The botanist who hunts for giant trees at Kew Gardens

The man who hunts giants

A Kew Gardens botanist has found 25 new large tree species - and he's sure there are more out there
The 12 ways of Christmas: Spare a thought for those who will be working to keep others safe during the festive season

The 12 ways of Christmas

We speak to a dozen people who will be working to keep others safe, happy and healthy over the holidays
Birdwatching men have a lot in common with their feathered friends, new study shows

The male exhibits strange behaviour

A new study shows that birdwatching men have a lot in common with their feathered friends...
Diaries of Evelyn Waugh, Virginia Woolf and Noël Coward reveal how they coped with the December blues

Famous diaries: Christmas week in history

Noël Coward parties into the night, Alan Clark bemoans the cost of servants, Evelyn Waugh ponders his drinking…
From noble to narky, the fall of the open letter

From noble to narky, the fall of the open letter

The great tradition of St Paul and Zola reached its nadir with a hungry worker's rant to Russell Brand, says DJ Taylor
A Christmas ghost story by Alison Moore: A prodigal daughter has a breakthrough

A Christmas ghost story by Alison Moore

The story was published earlier this month in 'Poor Souls' Light: Seven Curious Tales'
Marian Keyes: The author on her pre-approved Christmas, true love's parking implications and living in the moment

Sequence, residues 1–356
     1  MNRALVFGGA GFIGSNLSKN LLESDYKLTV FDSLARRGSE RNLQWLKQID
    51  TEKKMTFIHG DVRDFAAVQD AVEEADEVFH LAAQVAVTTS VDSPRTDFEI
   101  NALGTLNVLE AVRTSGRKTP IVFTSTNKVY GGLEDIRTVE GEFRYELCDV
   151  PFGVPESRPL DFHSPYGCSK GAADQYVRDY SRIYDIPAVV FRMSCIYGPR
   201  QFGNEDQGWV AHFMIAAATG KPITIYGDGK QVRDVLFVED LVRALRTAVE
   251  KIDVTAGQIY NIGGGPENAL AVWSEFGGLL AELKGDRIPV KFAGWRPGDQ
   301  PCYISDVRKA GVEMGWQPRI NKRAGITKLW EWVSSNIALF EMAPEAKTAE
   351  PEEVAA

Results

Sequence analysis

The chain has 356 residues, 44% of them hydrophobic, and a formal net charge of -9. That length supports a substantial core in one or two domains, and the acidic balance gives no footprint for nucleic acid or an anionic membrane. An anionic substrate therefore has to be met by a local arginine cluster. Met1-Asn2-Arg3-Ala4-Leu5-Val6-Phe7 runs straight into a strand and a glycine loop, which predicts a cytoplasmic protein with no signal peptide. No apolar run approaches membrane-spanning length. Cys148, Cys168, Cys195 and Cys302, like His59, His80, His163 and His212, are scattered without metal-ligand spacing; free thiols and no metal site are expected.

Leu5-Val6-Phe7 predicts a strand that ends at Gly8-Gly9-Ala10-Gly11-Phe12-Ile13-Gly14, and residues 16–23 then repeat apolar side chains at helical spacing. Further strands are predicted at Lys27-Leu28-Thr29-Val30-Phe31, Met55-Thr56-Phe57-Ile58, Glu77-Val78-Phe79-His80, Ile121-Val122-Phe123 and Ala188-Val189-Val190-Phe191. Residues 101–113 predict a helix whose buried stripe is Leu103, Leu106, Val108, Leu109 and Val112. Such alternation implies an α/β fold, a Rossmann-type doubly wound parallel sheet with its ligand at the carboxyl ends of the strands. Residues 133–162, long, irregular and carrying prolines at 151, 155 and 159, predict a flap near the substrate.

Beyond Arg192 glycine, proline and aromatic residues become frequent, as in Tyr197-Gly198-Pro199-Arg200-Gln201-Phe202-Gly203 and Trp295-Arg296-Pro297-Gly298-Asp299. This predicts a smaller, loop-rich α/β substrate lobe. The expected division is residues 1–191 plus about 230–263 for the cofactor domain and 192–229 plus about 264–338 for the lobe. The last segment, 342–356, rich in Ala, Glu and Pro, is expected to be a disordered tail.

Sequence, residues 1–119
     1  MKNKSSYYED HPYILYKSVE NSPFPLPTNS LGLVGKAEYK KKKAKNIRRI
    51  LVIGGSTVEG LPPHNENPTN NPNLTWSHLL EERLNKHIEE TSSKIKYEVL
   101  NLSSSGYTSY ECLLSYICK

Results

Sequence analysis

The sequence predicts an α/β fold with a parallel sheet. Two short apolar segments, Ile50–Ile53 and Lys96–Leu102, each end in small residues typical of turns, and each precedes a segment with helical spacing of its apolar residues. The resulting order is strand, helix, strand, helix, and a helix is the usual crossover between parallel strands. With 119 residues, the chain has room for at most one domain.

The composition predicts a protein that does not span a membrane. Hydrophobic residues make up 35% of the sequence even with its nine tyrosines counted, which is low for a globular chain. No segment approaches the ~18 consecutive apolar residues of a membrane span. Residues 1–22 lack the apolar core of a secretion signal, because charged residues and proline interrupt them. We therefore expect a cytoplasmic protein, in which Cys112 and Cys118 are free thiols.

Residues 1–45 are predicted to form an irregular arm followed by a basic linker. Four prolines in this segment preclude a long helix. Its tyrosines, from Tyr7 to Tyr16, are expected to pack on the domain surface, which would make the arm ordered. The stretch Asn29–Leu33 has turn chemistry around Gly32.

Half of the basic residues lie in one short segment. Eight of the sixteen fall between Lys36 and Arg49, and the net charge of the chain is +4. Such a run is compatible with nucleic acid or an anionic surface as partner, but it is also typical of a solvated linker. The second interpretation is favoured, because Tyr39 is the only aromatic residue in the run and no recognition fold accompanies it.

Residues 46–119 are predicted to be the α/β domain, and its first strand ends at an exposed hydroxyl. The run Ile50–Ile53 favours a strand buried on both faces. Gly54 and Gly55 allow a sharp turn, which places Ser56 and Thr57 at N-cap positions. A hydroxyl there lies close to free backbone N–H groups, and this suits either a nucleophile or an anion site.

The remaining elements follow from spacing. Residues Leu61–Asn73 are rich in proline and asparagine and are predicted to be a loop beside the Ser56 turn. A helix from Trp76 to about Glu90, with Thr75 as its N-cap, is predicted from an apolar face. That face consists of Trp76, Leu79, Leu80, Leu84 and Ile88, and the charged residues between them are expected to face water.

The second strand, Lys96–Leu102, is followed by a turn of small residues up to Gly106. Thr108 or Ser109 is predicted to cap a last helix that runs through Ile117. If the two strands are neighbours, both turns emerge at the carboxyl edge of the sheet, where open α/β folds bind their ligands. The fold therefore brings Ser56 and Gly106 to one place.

Marian Keyes

The author on her pre-approved Christmas, true love's parking implications and living in the moment
Bill Granger recipes: Our chef creates an Italian-inspired fish feast for Christmas Eve

Bill Granger's Christmas Eve fish feast

Bill's Italian friends introduced him to the Roman Catholic custom of a lavish fish supper on Christmas Eve. Here, he gives the tradition his own spin…
Liverpool vs Arsenal: Brendan Rodgers is fighting for his reputation

Rodgers fights for his reputation

Liverpool manager tries to stay on his feet despite waves of criticism
Amir Khan: 'The Taliban can threaten me but I must speak out... innocent kids, killed over nothing. It’s sick in the mind'

Amir Khan attacks the Taliban

'They can threaten me but I must speak out... innocent kids, killed over nothing. It’s sick in the mind'
Michael Calvin: Sepp Blatter is my man of the year in sport. Bring on 2015, quick

Michael Calvin's Last Word

Sepp Blatter is my man of the year in sport. Bring on 2015, quick